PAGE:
My answer is: Amazon. Amazon’s capacity to create or to amplify buzz for a book did not descend upon it by happenstance, like rain falling from the sky upon a pedestrian unprepared with an umbrella or raincoat. The very buzz that Amazon generates for books is a product of Amazon’s own entrepreneurial efforts – its creativity, its risk-taking, its investments, its skill at staying on top of the modern retailing world, its success at building enormous trust with consumers over the past couple of decades. Krugman, while conceding Amazon’s entrepreneurial innovativeness, nevertheless treats the capacity to create that buzz as something that somehow belongs, not to Amazon, but to the public – or to any book publisher who believes that it is being mistreated by Amazon.
Even if we ignore the immorality of forcing a company to supply on terms that it thinks unattractive a valuable good or service (here, the capacity to generate buzz) that admittedly would not exist were it not for that company’s entrepreneurial efforts, there remains the reality that such government interventions will (1) reduce Amazon’s ability to maintain its buzz-generating capacity, and (2) dampen similar entrepreneurial efforts, by other firms, in the future.
Paul Krugman apparently believes that his academic credentials and perch at the New York Times enable him to detect which business practices are and which are not best, or at least acceptable, over the long-run for consumers. But in fact Krugman is no more able to successfully assess such matters than he is able to successfully perform cardiovascular surgery or to rebuild the transmission in my car. He knows next to nothing about any of the all-important details of this market. Ditto for politicians, antitrust bureaucrats, judges, juries, and even antitrust scholars – and ditto for me, too: none of these people has enough knowledge to successfully second-guess the actual outcomes of the process of actual voluntary contracting in markets.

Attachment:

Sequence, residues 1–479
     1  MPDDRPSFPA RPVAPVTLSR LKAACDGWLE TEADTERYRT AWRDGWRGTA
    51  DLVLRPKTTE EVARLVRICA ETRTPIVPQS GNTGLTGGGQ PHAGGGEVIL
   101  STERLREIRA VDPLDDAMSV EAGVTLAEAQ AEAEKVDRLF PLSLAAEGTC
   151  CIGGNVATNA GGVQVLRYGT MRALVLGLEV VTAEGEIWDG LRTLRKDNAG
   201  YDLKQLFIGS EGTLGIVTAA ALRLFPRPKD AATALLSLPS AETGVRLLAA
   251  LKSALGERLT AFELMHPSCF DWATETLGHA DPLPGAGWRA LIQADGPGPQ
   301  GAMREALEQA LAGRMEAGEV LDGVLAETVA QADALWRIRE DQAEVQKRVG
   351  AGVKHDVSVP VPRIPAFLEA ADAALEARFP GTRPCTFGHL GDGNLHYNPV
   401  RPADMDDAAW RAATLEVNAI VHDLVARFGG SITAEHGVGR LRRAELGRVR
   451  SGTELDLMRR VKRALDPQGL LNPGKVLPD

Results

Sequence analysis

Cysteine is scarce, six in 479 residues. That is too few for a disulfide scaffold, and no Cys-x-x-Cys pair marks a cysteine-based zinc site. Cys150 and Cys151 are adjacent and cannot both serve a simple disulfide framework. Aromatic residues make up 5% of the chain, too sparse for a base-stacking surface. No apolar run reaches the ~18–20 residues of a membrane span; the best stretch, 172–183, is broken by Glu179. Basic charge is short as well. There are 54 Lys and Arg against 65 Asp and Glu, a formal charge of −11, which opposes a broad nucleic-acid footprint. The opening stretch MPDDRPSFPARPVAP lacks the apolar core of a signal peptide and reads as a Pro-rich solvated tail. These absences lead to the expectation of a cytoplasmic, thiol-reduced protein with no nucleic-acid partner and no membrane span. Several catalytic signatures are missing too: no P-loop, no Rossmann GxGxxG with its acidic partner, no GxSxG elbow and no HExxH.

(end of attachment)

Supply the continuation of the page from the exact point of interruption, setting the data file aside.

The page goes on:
A final word about the careless and misleading use of the word “power” when discussing the actions of successful firms. Amazon has no power of the sort that any government has. Amazon does not coerce anyone to deal with it. Amazon’s so-called “power” is in reality its unusually great capacity to bestow economic benefits on consumers and on suppliers.
Consider an analogy: Smith invests ten billion dollars in a very risky venture to find a cure for cancer. He succeeds. He invents a pill that, taken once, cures cancer and protects against any future occurrence of any kind of cancer. The pill has no ill side effects. Once the costly work of figuring out the chemistry of the pill is completed, producing the pill for market costs a mere $1.00 per 1,000 pills produced and distributed. And even if Smith doesn’t patent his pill, it is so complex that he is correctly confident that it’ll be at least ten years before anyone else succeeds in developing a competitive product.
No one was prevented by any man-made force from doing what Smith did – either before he did it, while he was doing it, or after he succeeded in discovering the formula for a pill that cures cancer.
Smith, seeking to make as much money as possible, sells his pill at a price of $10,000 each. He refuses all entreaties from newspaper columnists, professors, preachers, and politicians to lower his price. Does Smith have “too much power”? Should Smith be forced to sell his pill on terms that Nobel laureate economists or government officials think are appropriate even when Smith thinks those terms to be inappropriate? Only someone with severe myopia and the ethics of an armed robber would answer yes.